Inference: First, Q and \Gamma are multiplied to obtain a graspability-refined quality map. This can be viewed as a pixel-wise prior regularization, where \Gamma is the prior probability of a pixel to be a grasping point and Q is the posterior, measuring its grasping quality. This product is multiplied by O to filter out values in empty bins, resulting in the final quality map Q \Gamma O. Finally, we choose the optimum grasping center as the global maximum of the quality map and retrieve the respective values of \Phi and \Omega to reconstruct a grasping box. Instead of this greedy approach, we can employ the discrete bins to explore best grasps per bin, or even sample possible grasps through our disentangled latent representation or different possible configurations over grasp positions and orientations.

Model zoo: We embed ORANGE to two off-the-shelf architectures, GGCNN2 [1] and the larger U-Net [7], as both able of performing segmentation. While these models have totally different capacity, we show that both can perform significantly better when trained with ORANGE. As we are mainly focusing on the advantages of the grasp orientation disentanglement, we consider that any deep network capable of segmentation, can benefit from the ORANGE framework.

Why does it matter to disentangle overlapping grasps for grasp planning?

We conducted experiments with the bi-manual mobile manipulator robot TIAGo++, which is equipped with one gripper and a five-fingered underactuated hand. We leverage our robot’s properties to study how the different orientations in the grasp maps can enable a successful robot grasp.

For this experiment, we chose a set of five objects from the YCB object set, for which we conduct 10 grasps per item; 5 for the left and 5 for the right arm (with a gripper and a hand end-effector, respectively). We place the robot in front of a table and capture the object depth image from the robot’s built-in camera.

Note that this experiment is more challenging than usual bin-picking experiments: the camera viewpoint is much different than that of the training dataset setting, as well as compared to other related robotic experiments, that install a static camera facing the table vertically and plan planar pinching grasps. We, on the other hand, plan open-loop collision-free trajectories considering the robot’s arm and torso motion for planning the trajectory towards a generated target grasp vector by ORANGE. A grasp is successful when the robot holds the object in the air for 10 seconds.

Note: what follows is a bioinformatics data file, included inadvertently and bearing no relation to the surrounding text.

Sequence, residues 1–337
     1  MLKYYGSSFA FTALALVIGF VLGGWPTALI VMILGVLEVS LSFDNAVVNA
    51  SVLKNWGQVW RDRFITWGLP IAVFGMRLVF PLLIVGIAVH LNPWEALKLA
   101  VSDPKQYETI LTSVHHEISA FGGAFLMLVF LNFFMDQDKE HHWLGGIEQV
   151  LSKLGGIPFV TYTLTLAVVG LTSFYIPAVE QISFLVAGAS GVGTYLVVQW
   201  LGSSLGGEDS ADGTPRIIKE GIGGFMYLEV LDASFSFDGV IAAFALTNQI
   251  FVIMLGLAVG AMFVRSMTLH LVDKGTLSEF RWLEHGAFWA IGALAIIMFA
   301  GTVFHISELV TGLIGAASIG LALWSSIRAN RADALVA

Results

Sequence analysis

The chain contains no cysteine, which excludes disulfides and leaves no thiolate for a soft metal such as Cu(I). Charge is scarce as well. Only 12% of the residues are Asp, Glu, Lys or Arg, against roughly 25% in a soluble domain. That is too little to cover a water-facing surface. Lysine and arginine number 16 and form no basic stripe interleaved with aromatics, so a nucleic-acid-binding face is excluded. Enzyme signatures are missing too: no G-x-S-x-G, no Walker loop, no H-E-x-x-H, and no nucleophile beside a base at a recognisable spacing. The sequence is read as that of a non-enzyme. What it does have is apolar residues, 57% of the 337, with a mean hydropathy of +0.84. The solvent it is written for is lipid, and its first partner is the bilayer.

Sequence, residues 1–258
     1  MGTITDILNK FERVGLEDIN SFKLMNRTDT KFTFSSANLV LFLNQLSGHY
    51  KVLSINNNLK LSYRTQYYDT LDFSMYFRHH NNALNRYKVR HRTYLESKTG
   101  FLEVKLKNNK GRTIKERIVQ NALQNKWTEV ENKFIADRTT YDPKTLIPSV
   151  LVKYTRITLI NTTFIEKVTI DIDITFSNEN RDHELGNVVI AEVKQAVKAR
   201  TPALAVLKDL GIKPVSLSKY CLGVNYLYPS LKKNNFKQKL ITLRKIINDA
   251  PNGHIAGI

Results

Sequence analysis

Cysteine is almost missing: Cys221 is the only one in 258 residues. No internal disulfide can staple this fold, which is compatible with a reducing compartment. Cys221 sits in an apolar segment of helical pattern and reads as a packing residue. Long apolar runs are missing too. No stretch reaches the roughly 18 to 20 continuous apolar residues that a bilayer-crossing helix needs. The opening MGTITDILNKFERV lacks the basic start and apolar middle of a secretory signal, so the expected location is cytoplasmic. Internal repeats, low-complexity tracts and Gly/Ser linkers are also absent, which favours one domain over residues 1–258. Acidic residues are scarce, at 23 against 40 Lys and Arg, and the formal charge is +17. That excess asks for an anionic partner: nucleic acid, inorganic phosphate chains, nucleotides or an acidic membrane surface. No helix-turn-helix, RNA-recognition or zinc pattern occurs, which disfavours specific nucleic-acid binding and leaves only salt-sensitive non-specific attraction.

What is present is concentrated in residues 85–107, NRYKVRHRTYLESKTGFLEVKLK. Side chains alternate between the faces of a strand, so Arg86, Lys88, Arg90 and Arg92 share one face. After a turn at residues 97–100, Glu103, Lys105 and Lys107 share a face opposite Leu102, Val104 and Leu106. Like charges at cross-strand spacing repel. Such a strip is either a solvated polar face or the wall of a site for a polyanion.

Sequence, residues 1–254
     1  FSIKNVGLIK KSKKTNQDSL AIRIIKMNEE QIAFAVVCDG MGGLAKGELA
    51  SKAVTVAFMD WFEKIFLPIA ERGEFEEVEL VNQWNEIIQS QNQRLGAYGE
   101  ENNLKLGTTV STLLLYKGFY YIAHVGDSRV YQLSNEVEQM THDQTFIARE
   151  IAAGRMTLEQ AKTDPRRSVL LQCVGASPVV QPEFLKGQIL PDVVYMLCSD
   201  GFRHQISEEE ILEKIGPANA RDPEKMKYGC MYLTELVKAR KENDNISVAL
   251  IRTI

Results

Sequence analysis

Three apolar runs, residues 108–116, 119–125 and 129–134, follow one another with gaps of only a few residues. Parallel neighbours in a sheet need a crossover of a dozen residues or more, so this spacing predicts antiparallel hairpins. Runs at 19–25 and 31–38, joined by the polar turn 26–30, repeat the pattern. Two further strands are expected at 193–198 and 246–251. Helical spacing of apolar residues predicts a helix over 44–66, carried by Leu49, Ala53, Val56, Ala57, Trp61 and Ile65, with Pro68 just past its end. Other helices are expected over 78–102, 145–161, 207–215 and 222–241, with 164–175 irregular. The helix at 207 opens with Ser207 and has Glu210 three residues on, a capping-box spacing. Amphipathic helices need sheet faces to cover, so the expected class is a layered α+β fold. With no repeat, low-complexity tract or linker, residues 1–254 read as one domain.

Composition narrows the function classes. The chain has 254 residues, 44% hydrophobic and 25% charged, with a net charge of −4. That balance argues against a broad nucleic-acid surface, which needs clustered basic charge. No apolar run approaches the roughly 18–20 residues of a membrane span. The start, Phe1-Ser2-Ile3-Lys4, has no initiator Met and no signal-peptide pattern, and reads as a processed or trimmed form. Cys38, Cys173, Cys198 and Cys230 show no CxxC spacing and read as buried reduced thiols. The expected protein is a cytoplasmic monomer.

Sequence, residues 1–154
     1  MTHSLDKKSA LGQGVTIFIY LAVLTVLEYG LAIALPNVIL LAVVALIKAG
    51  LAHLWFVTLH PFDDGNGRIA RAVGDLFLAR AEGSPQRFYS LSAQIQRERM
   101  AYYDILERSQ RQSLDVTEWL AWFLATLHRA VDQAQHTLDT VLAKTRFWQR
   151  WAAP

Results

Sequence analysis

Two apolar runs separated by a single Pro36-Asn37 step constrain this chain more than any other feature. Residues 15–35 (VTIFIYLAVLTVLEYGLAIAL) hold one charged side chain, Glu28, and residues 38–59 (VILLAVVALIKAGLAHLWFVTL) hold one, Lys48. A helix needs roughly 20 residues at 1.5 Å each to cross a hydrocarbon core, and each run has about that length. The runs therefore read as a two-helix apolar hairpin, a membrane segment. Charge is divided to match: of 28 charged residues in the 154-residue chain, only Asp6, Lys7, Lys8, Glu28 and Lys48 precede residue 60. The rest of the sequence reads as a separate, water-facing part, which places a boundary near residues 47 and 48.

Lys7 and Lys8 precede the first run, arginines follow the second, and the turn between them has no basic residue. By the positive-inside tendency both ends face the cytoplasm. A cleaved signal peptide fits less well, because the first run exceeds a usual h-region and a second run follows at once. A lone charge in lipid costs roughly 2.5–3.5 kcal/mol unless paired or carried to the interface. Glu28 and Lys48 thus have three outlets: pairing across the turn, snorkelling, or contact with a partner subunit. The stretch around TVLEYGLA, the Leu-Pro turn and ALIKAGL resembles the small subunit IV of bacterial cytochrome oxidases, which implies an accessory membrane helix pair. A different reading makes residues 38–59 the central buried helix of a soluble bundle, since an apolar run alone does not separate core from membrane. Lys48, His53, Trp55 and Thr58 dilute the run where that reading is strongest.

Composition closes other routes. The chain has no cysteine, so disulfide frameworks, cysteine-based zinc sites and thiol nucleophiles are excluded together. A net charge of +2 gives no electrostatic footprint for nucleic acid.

For this experiment, we collect the best grasp point across all bins (i.e., for all predicted orientations) and attempt the ones that are within the feasibility set of the workspace of each arm to showcase the importance of parsing the possible grasp angles.

While with the gripper we are able to grasp most objects (84\% grasp success), grasping with the robotic hand is more challenging. For the Chips Can, ORANGE delivers a very good grasp map and the robot reaches for the targeted grasp point; however, it is unable to lift the object in the air, due to the morphology of the hand and other parameters, e.g. low friction between object and hand. While using the gripper we are able to achieve good grasps in feasible positions for the robot’s left arm , we sometimes fail when it comes to objects like the mug, for which the predicted grasps are focusing on the handle. Interestingly, we are able to grasp the mug with the hand, as this grasp requires finer manipulation.

Next steps: The results of this experiment highlight two findings: (i) the advantage of acquiring a disentanglement of the potential grasp orientations provides a promising framework for planning feasible robot grasps, especially with bi-manual and mobile manipulator robots. A possible future research direction concerns the learning of a policy for selecting the grasp points per orientation; (ii) a good visual grasp generator can only be a good indicator for a successful grasp. We believe that a combination of the effectiveness of ORANGE fused with tactile feedback can potentially provide a more powerful tool for effective grasping.